Kate Brooks

Partner, Solicitor & Head of Employment/HR Services

DATE PUBLISHED: 13 Jan 2021 LAST UPDATED: 01 Nov 2022

Employer Dress Code – Should Men be allowed to wear shorts at work?

We very often hear about the various rules and regulations surrounding women’s clothing at work, and there have been a huge number of cases brought by women in relation to sexual discrimination. Having said this, the issue around men’s clothing is more of a taboo subject which is far less common.

A Discrimination Case Against Boots

A male employee for Boots distribution recently brought a claim in the Employment Tribunal as he was reprimanded for wearing three-quarter length shorts on a hot summer’s day. It is reported that the employee’s female colleagues were allowed to wear clothing above the ankles such as leggings, jogging bottoms and skirts, but Boots’ dress code at the time stated that ‘shorts could not be worn’.

The male in question wore shorts which were roughly the same length as the clothing being worn by women in the office, however, his manager informed him that he was not to wear shorts and that, “he didn’t want to see him in shorts tomorrow”. The male employee claimed that he was being discriminated against due to his gender with the above reasoning.

The Outcome?

The Employment Tribunal Judge questioned whether or not the dress code policy was consistently applied to both male and female employees. After hearing evidence, the Judge concluded that women were being given a greater degree of discretion in regard to the dress code than men. The Judge found that the male employee was directly discriminated against because of his gender and ruled in his favour.

How to recognise discrimination in the workplace?

Discrimination is the unfair or prejudicial treatment of people and groups based on protected characteristics such as race, gender, age or sexual orientation.

All discrimination legislation is contained in the Equality Act 2010 and Tribunals have the power to award unlimited compensation in discrimination claims.

What is an employment dress code?

Dress codes can be and usually are a legitimate part of an employer’s policies, under the condition that a dress code does not discriminate between different groups of employees.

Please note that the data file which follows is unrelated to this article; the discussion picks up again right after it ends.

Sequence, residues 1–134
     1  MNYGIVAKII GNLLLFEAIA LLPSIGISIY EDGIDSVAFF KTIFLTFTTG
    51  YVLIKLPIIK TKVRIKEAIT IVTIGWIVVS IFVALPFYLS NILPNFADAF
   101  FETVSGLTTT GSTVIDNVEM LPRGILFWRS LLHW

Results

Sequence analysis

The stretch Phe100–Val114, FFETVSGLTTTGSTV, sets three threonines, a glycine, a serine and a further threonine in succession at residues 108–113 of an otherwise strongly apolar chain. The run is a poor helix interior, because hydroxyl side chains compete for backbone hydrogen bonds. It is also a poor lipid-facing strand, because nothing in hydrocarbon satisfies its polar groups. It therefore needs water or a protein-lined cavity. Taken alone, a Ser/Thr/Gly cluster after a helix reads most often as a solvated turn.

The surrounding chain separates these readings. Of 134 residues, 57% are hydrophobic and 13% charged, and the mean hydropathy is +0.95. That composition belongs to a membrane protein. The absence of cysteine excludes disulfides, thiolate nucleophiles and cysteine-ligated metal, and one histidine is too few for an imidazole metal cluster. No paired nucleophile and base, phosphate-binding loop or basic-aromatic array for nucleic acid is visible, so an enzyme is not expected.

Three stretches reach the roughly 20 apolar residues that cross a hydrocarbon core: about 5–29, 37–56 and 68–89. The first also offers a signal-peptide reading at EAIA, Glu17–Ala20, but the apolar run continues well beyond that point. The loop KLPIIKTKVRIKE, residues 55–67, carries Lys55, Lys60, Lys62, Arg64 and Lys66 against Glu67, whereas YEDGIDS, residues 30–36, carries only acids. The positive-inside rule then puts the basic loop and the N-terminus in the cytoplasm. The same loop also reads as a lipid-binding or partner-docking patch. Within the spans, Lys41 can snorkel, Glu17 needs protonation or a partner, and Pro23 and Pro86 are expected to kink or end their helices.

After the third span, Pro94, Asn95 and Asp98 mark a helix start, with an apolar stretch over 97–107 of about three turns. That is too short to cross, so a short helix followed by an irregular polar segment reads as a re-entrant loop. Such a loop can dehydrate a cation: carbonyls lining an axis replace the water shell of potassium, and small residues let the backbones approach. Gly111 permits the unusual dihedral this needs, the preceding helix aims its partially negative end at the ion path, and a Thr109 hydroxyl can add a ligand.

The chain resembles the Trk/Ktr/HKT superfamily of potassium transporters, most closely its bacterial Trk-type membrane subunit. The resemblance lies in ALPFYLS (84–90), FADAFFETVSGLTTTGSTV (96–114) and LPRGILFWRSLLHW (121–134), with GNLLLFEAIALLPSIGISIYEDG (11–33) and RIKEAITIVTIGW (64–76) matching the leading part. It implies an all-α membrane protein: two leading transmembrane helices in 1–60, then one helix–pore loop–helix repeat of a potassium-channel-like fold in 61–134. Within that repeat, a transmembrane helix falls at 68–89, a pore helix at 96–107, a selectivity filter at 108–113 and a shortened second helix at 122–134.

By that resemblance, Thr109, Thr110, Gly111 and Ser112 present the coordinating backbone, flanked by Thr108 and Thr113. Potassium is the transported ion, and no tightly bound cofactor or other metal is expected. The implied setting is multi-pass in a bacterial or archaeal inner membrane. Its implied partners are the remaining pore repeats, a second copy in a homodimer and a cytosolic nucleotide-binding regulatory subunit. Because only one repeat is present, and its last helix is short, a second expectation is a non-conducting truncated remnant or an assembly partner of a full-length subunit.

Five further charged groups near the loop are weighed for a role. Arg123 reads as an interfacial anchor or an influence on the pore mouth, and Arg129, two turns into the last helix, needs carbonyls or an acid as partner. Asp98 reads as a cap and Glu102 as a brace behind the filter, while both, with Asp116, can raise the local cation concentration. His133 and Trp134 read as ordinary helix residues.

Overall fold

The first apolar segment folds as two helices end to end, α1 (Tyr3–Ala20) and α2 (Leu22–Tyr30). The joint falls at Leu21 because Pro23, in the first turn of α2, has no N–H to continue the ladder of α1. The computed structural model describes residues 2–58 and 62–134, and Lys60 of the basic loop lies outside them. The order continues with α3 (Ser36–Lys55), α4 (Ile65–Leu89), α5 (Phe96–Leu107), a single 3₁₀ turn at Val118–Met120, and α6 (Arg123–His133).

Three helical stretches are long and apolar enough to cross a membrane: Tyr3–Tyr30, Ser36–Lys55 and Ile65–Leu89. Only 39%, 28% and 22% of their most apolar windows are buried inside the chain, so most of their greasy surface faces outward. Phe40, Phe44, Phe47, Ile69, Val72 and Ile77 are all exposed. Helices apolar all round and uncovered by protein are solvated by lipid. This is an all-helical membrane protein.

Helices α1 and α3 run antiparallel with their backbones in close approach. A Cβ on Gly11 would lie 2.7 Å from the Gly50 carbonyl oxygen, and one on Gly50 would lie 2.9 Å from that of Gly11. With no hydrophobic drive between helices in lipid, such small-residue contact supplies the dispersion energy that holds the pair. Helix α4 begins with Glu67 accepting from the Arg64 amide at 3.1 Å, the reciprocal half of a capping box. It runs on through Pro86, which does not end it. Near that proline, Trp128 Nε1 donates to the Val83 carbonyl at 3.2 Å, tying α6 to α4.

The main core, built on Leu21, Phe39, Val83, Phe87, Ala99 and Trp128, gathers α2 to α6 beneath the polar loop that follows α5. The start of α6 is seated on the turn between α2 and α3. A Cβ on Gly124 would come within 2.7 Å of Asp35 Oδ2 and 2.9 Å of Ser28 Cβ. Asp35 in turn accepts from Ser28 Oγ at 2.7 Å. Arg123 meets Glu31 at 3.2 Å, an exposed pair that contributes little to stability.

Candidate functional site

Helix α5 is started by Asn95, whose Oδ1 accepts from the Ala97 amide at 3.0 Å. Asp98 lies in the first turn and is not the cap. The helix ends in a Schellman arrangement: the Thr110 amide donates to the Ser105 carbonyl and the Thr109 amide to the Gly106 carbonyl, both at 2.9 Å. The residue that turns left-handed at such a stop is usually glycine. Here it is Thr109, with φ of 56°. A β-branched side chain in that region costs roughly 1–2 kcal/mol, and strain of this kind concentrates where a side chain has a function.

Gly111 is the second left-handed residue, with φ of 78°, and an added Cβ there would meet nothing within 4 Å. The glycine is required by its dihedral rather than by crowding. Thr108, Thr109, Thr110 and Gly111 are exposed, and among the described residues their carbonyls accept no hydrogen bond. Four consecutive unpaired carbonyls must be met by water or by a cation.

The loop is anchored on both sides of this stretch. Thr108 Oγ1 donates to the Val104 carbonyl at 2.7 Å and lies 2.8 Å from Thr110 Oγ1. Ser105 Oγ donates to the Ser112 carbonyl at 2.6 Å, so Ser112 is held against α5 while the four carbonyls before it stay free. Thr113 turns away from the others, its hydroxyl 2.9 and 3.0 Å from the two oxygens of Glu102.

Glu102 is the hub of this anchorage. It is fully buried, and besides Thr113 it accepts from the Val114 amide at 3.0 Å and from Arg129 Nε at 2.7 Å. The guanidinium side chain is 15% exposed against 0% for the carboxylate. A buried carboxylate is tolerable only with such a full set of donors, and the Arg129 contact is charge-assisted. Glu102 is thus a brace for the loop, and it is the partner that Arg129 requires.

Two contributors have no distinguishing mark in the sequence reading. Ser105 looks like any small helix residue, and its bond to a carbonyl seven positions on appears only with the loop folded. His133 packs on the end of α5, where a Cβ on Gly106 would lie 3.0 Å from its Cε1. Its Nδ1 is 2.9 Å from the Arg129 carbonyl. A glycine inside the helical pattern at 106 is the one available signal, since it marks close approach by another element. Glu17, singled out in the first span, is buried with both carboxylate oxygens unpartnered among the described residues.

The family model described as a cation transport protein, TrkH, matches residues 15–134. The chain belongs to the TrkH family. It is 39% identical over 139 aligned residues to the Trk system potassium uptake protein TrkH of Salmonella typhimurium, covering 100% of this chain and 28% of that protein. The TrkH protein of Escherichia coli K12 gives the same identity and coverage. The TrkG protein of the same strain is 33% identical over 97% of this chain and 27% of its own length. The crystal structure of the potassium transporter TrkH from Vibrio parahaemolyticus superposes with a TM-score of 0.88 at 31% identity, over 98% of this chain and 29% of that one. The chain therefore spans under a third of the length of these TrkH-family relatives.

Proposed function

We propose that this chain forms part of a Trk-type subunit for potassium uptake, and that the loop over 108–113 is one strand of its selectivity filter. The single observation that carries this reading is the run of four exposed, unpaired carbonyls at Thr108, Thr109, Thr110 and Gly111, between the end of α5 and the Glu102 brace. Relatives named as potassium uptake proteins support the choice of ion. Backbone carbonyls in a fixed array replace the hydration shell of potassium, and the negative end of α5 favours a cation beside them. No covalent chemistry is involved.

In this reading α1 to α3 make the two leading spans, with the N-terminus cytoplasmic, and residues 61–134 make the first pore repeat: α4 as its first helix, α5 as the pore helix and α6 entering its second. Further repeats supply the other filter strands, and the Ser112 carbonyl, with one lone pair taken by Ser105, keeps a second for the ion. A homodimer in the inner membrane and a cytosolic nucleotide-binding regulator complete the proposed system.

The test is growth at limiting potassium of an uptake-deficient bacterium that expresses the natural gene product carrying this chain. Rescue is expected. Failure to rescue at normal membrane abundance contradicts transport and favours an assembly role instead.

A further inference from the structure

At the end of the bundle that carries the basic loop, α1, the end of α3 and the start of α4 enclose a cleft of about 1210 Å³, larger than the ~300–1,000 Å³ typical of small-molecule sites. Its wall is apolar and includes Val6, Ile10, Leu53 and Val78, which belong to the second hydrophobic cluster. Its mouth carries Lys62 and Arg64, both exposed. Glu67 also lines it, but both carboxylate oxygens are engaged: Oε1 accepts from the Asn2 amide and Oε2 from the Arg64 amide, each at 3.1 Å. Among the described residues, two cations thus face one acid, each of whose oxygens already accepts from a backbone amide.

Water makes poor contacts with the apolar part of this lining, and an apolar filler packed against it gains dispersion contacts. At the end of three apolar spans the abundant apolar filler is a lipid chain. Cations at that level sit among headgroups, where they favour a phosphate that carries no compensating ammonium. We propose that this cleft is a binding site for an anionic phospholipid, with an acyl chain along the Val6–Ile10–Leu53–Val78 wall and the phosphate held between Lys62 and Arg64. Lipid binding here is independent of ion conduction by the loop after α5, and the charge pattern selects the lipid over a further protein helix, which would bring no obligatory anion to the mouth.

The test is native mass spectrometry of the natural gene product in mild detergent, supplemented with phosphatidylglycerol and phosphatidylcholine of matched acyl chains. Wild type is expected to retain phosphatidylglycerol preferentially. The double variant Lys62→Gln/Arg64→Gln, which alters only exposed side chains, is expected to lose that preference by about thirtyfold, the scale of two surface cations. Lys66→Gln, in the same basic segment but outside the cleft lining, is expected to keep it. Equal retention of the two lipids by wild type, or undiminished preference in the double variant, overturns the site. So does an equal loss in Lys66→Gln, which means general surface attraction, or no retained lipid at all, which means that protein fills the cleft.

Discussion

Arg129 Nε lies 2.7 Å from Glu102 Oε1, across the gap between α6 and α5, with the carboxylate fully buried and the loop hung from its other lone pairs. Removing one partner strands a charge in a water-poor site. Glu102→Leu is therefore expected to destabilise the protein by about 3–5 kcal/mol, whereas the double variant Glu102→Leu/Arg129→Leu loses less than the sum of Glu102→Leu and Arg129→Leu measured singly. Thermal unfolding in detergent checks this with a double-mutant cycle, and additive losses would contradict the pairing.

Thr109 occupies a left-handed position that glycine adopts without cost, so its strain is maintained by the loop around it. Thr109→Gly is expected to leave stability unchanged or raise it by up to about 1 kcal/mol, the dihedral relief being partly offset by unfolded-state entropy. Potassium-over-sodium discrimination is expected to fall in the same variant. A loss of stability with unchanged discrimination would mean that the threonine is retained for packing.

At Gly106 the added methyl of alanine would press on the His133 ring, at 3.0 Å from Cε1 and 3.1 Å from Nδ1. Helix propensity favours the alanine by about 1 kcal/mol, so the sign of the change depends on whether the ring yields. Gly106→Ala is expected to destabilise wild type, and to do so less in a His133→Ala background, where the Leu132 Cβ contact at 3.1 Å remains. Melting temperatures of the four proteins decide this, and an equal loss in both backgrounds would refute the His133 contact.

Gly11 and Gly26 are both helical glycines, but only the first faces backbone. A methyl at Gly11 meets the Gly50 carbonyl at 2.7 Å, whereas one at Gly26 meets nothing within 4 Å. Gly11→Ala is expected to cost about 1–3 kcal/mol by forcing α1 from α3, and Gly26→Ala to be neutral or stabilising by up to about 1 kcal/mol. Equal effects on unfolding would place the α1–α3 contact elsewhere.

That being said, a dress code does not have to treat men and women identically. The standards and rules just need to be equivalent and not amount to less favourable treatment for either group. The dress code must not lead to discrimination of gender or harassment (i.e. any requirements on women to dress in a provocative manner).

Tips for Employers

We have outlined below some tips for employers when considering imposing a dress code:-

  • Avoid gender-specific prescriptive requirements – for example, ask employees to ‘dress smartly’
  • Consult with employees, staff organisations and/or trade unions to ensure that the code is acceptable to both the Company and staff
  • Have regard to health and safety implications
  • Make reasonable adjustments to any elements which place a disabled person at a substantial disadvantage compared to a non-disabled person
  • Transgender employees should be allowed to follow the organisation’s dress code in a way which they feel matches their gender identity
  • Employers should be flexible and not set dress codes which prohibit religious symbols that do not interfere with an employee’s work.

Tips for Employees

Below are some helpful tips for employees when considering a dress code. As an employee, if you believe your employer’s dress code is discriminatory in any manner, it is recommended that you speak to your manager in the first instance. If they respond inappropriately (i.e. criticising or penalising you for raising the issue), then you should speak to your employer’s HR representative, or your trade union representative or seek further legal advice:

  • Dress codes must apply to both men and women but may have different requirements so long as they are of a similar standard and applied fairly.
  • It is unlawful for an employer to require women to wear high heels, with the discomfort or health issues that may result from this, and there is no male equivalent.
  • An employee cannot be dismissed or treated badly for bringing a complaint about a sexist dress code.

Need further advice and guidance?

If you have any queries or wish to discuss any issues you may be facing further, please do not hesitate to get in touch with one of our experienced Employment Lawyers on 01202 525333 for further advice.

How can we help?

When you submit this form an email will be sent to the relevant department who will contact you within 48 hours. If you require urgent advice please call 01202 525333.

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